1 comment:

Kfir Lev-Ari said...

Thanks for your interest in our paper! We’re excited to see the multi-dc deployment question addressed in more research and looking forward to your paper.

>Need for serialization
We tried to provide the semantics of ZooKeeper across datacenters. It may be that for some applications ZooKeeper’s semantics are not necessary. But there are others, where clients should see each other’s updates in a consistent manner, even if they are in different data-centers, which is what our solution provides.

>What if both syncs occur at the same time?
Each sync is invoked independently by its respective client and in this example sent to a different zookeeper instance. If both syncs occur after the writes complete, the reads will both see the written value due to linearizability.

>Performance bug in ZooKeeper
We explain this briefly at the end of Section 4.1.1 but perhaps should have elaborated more. In the “usual way” ZooKeeper is deployed across WAN, i.e., voters in one DC and an observer in another, all traffic from the remote DC goes through the observer. Observers experienced the performance issue we found, and hence the improvement of our solution over ZooKeeper was extremely high. We didn’t want to present numbers which are boosted by what we perceived to be a bug in ZooKeeper, so we first fixed the bug, and then compared our solution to ZooKeeper, showing that the improvement is still 7x.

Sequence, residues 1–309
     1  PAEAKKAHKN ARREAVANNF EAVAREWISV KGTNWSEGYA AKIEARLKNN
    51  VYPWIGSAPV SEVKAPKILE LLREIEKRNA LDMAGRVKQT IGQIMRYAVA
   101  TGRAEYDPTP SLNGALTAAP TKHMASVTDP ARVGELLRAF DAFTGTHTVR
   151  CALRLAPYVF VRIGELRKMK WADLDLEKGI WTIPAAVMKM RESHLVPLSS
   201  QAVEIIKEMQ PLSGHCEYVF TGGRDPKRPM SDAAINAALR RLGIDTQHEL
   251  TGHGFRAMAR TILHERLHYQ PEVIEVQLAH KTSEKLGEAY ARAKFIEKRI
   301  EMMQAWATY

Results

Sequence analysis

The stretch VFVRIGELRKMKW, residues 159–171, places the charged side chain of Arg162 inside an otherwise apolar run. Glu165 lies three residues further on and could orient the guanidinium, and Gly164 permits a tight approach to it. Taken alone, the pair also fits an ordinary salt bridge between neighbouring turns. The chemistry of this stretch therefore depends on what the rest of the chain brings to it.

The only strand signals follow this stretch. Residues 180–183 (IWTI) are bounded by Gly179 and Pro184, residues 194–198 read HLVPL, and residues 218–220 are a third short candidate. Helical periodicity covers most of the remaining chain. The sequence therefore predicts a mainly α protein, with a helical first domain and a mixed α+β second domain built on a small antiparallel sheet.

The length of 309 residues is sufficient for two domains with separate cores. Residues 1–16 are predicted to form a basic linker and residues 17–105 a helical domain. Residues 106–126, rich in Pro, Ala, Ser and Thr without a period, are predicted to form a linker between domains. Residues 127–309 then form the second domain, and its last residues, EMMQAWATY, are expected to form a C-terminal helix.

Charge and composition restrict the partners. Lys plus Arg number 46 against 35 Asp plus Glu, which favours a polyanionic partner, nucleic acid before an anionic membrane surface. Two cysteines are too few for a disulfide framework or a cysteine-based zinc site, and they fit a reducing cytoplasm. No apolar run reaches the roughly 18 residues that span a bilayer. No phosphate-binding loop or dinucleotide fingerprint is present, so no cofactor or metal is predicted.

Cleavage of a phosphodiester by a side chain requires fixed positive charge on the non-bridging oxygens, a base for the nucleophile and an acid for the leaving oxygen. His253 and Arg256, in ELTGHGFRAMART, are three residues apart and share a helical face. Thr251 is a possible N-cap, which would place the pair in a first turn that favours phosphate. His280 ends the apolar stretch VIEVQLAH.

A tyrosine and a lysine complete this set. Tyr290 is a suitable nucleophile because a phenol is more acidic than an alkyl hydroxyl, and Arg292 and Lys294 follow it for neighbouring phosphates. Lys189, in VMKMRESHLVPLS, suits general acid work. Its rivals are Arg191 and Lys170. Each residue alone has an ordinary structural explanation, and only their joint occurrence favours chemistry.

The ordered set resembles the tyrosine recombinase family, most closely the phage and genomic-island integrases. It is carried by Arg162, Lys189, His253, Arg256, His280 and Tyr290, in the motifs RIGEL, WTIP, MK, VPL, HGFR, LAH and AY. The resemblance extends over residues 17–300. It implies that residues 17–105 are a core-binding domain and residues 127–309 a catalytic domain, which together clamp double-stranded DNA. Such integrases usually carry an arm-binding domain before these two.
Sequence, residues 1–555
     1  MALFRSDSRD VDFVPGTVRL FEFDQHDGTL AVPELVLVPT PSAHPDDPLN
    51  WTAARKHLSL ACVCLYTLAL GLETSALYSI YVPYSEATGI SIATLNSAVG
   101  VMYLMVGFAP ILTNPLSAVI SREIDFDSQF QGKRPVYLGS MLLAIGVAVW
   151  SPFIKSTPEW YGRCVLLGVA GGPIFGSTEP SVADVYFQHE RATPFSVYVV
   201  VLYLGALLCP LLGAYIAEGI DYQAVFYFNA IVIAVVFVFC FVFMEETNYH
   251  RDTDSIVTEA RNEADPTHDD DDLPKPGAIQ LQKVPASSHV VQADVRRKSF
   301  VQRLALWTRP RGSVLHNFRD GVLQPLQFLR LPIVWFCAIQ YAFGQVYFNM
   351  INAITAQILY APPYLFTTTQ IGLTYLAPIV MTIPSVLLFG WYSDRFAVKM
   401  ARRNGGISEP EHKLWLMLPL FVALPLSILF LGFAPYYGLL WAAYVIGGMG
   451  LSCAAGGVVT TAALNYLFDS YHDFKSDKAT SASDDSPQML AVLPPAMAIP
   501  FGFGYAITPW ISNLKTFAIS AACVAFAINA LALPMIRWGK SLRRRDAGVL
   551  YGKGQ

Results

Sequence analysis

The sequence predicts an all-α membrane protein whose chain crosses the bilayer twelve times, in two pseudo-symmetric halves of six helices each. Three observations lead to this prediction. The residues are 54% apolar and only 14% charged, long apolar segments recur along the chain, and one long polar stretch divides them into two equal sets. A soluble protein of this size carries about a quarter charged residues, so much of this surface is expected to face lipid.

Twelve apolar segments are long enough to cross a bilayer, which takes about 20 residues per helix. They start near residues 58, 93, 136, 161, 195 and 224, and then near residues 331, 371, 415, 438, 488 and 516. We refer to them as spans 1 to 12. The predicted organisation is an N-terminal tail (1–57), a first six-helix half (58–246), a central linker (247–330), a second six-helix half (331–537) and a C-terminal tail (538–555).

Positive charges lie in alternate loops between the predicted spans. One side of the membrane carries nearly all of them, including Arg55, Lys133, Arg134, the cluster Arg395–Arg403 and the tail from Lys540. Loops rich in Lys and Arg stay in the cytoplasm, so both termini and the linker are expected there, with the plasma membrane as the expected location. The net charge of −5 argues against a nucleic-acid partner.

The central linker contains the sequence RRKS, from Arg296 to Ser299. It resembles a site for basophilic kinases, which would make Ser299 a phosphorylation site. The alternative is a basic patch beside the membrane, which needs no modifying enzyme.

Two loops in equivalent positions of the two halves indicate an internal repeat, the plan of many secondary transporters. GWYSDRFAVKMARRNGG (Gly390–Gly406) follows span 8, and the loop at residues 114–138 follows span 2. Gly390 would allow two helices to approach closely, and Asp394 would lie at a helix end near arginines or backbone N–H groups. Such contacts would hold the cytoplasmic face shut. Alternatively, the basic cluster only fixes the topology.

>2-site ZooKeeper deployment.
We evaluated the solution with 5 DCs, and the improvement was even better. This isn’t in the paper, you’re right.

>Reads are asynchronously pipelined to compensate for the latency introduced by the sync operation.
Asynchronous operations is the usual way ZooKeeper is used. There is no reason to wait for completion after each op unless the application requires it. Nevertheless, a large part of the evaluation focuses on the overhead of syncs.

>Benchmark the throughput when the system is saturated.
This is the way ZooKeeper was benchmarked in the original ZooKeeper paper, which allowed us to have a comparison.

>ZooNet does not support transactions and watches.
The only form of transactions in ZooKeeper currently is a multi update operation and indeed, we don’t support multi updates which mix updates to different data-centers. It would be interesting to solve this, in particular if there’s a compelling use-case.

Wrt watches, each client maintains a session with all the zookeeper clusters it operates on, including watches.

Finally, to simplify adoption, we wanted a solution that’s applicable to ZooKeeper with minimal changes. Our solution doesn’t require any server-side changes to ZooKeeper (besides the isolation fix, which we already contributed to ZooKeeper).